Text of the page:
Crowd atop the Berlin Wall near the Brandenburg Gate, 1989
For 28 years, the Berlin Wall marked the tense epicenter of the Cold War. The only time U.S. and Soviet tanks faced off directly was at Checkpoint Charlie, the famed crossing point for diplomats, Allied military personnel, and tourists, shortly after the Wall went up in 1961. It took a direct appeal from JFK to Nikita Khrushchev to avert the real threat of nuclear war.
Three decades later, the sudden, unexpected opening of the border symbolized the end of the Cold War. East Germans flooded through the divide into the arms of cheering West Berliners. But the scars left by that divide have not fully gone away.
Nor have the questions it raised: Why was Berlin divided and how did it affect life in the city? How many people died trying to escape across the Wall to West Berlin? What or who brought down the Berlin Wall? How have fellow citizens with roots in the East or West grappled with the dark history of Germans killing Germans while trying to escape? How is the legacy of division still visible in attitudes in east and west about Russia’s war on Ukraine?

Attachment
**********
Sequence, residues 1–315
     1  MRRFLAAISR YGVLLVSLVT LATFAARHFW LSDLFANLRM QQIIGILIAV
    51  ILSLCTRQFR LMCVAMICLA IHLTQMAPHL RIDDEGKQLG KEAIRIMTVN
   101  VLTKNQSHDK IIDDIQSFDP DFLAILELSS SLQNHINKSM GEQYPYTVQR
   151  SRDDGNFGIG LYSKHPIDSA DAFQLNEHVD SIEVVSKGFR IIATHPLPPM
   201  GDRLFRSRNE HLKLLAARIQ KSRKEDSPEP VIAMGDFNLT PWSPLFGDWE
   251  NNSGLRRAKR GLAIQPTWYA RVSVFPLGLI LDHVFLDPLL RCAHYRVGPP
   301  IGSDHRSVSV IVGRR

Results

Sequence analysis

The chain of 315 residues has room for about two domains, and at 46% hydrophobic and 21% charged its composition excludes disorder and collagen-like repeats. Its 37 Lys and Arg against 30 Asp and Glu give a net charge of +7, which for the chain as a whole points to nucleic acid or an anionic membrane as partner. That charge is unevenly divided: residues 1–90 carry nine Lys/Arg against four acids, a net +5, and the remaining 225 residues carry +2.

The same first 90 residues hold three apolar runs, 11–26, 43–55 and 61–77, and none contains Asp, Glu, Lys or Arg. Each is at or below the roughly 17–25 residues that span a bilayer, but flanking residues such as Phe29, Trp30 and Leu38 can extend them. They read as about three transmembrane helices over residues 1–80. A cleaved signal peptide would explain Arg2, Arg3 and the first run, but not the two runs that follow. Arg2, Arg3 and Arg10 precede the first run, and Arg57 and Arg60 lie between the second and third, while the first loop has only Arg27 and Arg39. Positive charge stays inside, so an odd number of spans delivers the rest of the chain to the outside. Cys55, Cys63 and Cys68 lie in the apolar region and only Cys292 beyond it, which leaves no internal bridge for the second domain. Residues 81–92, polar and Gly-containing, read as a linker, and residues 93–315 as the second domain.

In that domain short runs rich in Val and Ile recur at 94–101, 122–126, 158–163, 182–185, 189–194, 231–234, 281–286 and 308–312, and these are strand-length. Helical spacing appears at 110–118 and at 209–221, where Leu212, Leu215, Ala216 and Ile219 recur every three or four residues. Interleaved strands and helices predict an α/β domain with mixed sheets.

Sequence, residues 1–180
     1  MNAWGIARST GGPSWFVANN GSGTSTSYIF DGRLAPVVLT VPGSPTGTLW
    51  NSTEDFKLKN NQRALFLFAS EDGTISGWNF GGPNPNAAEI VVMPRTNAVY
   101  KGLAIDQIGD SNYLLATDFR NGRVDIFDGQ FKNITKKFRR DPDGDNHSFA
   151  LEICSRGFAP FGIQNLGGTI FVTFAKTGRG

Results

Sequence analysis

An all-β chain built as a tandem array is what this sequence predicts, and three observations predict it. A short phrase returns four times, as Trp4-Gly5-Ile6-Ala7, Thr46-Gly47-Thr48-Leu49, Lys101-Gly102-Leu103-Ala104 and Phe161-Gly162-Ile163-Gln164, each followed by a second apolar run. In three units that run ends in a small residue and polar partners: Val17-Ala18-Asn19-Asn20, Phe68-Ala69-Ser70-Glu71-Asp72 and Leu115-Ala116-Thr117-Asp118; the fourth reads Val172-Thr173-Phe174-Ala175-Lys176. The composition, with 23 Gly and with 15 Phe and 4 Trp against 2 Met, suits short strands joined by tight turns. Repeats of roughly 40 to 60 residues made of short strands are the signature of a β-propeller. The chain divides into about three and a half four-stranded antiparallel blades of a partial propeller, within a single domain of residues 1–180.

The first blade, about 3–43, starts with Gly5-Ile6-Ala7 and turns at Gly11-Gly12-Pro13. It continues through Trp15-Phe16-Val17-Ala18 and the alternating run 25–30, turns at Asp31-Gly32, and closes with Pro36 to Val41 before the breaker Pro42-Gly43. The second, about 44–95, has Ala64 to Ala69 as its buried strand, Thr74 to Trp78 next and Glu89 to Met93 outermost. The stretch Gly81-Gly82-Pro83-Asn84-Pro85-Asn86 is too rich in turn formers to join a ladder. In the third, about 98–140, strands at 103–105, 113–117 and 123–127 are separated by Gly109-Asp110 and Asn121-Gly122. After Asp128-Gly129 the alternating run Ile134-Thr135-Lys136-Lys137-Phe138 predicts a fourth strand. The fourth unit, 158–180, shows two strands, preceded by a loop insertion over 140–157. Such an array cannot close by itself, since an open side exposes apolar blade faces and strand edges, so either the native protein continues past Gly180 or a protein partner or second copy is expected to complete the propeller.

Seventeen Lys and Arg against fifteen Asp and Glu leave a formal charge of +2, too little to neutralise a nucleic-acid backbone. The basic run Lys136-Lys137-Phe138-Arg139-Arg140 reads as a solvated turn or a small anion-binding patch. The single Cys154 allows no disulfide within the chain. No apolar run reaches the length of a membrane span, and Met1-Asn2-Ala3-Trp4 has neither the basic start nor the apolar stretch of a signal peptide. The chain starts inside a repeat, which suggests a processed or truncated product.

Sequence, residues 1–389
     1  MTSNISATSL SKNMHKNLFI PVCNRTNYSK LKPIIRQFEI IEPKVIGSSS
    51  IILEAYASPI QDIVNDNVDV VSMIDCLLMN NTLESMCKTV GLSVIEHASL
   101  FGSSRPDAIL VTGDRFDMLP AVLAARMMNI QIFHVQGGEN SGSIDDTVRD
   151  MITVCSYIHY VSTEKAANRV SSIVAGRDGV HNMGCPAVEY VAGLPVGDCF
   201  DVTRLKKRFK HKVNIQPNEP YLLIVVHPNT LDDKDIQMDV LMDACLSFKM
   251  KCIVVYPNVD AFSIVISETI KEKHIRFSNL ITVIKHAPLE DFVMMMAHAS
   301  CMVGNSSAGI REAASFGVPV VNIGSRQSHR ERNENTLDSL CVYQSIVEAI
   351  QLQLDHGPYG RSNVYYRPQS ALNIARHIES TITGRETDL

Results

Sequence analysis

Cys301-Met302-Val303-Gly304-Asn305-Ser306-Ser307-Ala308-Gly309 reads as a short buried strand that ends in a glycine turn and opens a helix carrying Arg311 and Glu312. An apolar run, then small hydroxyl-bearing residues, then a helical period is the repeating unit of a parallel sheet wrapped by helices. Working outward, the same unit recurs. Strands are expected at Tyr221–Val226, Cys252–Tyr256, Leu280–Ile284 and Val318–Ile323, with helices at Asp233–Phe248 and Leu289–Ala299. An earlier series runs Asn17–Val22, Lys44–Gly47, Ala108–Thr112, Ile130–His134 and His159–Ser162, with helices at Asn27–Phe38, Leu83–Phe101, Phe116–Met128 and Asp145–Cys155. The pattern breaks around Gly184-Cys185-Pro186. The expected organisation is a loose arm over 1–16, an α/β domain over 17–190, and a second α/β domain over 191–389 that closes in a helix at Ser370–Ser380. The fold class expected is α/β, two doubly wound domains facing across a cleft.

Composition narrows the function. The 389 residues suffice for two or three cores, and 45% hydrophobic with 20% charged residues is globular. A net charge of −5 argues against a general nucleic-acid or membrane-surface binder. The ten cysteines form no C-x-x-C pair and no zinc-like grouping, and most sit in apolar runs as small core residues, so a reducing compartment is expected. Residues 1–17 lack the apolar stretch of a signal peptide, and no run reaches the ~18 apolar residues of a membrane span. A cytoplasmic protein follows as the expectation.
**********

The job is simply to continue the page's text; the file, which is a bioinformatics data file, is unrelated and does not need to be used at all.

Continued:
Hope M. Harrison, a professor of history and international affairs at The George Washington University, examines these issues and others, including how those killed in escape efforts have been commemorated, how the perpetrators of their killings have been dealt with, and what remains of the Wall. She also explores how global memory of the Berlin Wall has influenced German memory and how it has joined the Holocaust as a fundamental part of German identity
Harrison is the author of After the Berlin Wall: Memory and the Making of the New Germany, 1989 to the Present and Driving the Soviets Up the Wall: Soviet–East German Relations, 1953–1961.